Global Capitalism

E-mail debates of newsworthy topics.
March 25 1997 3:30 AM

Global Capitalism


       I have argued that growing economic interdependence is on balance an enormously good thing. You say things are much more complicated. The balance of costs and benefits could go either way. "The question is what rules and terms will create optimal conditions for equitable and sustainable growth."
       In the 1960s and 1970s most developing-country governments chose economic separation for reasons similar to the ones that you advance for being cautious today. They called for a new world order, so that they could trade with the West on equal terms. (Just what changes were needed was always unclear. Judging by your pronouncements, it still is.) In the meantime, they embarked on development in isolation. The new order never came----and guess what. They stayed poor. You say, and I commend your powers of observation, that Africa has gained less from globalization than East Asia. Indeed it has. Africa has gained nothing from globalization because its governments decided not to join in. They shared your anxieties. They spent 30 years waiting for better "rules and terms."
       It's worth noting that our many disagreements are of two distinct kinds. First, we differ over the effects of integration. Here you are consistently more pessimistic than I am. You think that globalization will cost more jobs in the West than I do, that the downward pressure on wages of the unskilled will be greater than I do, that the risks of global depression will be higher than I do, and so forth. I concede that on some of these points--notably on wages of the unskilled--you are right about the direction of the short-term effect, if not about its scale and persistence. Moreover, as you say, these are empirical matters: Time will tell who is right. But our other kind of disagreement is more basic, and more immediate. It concerns how governments should respond right now, given that, even on an optimistic view like mine, globalization is a mixed blessing.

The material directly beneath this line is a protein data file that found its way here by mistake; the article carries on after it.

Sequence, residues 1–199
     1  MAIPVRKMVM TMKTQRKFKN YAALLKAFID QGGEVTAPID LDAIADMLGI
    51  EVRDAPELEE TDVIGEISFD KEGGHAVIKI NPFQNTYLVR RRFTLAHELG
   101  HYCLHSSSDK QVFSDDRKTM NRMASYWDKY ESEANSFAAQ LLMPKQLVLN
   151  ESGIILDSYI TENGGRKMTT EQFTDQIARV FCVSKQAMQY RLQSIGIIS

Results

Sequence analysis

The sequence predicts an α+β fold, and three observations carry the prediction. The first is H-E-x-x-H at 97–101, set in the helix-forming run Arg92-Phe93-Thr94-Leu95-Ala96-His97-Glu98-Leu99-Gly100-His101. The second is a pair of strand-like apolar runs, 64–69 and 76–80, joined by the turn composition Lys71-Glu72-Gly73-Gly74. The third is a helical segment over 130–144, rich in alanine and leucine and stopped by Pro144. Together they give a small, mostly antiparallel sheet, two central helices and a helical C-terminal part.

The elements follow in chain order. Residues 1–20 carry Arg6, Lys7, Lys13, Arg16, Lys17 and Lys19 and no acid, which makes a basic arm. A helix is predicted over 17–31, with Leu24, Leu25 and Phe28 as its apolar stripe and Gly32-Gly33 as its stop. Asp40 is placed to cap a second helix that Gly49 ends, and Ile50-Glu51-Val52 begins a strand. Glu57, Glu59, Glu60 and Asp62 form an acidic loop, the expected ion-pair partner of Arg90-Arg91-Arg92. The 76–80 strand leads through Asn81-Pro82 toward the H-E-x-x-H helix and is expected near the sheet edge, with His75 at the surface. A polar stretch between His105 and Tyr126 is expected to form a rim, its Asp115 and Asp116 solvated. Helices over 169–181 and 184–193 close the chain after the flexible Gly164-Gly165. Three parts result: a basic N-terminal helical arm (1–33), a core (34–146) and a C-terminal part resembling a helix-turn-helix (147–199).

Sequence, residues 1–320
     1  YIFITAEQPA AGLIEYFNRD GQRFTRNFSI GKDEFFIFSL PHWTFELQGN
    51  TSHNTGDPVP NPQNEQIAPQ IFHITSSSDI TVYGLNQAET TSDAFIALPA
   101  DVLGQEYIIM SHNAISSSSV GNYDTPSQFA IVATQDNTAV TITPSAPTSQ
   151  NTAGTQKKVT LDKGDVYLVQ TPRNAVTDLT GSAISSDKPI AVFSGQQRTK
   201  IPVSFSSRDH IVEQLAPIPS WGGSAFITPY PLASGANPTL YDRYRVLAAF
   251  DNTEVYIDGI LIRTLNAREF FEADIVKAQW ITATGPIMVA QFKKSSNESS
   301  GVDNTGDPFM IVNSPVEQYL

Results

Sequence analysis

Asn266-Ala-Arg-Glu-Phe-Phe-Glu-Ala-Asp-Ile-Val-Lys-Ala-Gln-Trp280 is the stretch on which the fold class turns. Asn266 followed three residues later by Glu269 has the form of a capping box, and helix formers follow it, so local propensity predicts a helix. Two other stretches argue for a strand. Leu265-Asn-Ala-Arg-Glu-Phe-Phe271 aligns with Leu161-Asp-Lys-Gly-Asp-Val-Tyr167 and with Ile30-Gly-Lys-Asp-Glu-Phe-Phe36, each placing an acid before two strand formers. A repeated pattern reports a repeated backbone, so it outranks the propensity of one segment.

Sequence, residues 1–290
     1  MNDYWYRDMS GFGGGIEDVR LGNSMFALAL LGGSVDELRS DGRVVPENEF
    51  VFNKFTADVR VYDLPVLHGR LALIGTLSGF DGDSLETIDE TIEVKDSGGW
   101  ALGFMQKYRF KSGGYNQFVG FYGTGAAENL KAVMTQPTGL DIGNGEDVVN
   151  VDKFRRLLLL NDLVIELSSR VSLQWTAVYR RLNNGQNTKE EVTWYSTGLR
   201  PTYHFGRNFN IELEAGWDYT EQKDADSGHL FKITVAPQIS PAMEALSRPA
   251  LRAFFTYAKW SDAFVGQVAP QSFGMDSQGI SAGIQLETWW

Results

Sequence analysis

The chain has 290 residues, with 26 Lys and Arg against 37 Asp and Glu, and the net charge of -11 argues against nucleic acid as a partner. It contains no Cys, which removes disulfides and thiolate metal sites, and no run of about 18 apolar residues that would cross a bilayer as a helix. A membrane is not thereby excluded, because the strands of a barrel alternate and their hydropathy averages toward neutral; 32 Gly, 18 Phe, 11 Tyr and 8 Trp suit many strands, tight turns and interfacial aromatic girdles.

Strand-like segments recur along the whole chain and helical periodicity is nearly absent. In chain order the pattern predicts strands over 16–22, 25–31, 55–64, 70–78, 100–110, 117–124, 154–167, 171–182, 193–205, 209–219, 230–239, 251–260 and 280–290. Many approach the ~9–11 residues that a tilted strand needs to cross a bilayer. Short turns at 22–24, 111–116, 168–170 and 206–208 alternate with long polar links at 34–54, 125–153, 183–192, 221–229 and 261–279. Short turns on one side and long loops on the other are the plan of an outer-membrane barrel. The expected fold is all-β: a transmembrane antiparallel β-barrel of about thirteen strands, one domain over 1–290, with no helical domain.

To answer that question, I drew a parallel in my previous letter between integration and growth. You did not respond, but I want to press the point, because I think it is crucial. Greater openness to trade and capital is very like an advance in technology: It widens a nation's economic opportunities and makes its resources go further. Nobody would say that technological progress was an unmixed blessing: Jobs may be lost, particular industries may have to shrink, wages of the unskilled may fall, and so on. So far as I am aware, however, you do not propose to raise the tax on research and development, throw a little sand in the wheels of America's high-tech industries, or put a quota on the number of software engineers graduating each year. Yet these and similar policies are what you propose as the remedy for global integration: higher tariffs, sand in the wheels of international finance, tighter regulation of labor markets, and so on.
       The right attitude to technological progress, despite its drawbacks, is to want more, and then discuss ways of helping the minority of losers to share in the broader gains. That is exactly the right attitude to globalization. I fail to see why global integration should be any more threatening than technological progress. Globalization is just better technology--and you are a Luddite for our times.


Clive Crook

Clive Crookis deputy editor of theEconomist. John B. Judisis a senior editor of the New Republic and author of "Stop the World, I Want to Get Off" in SLATE.

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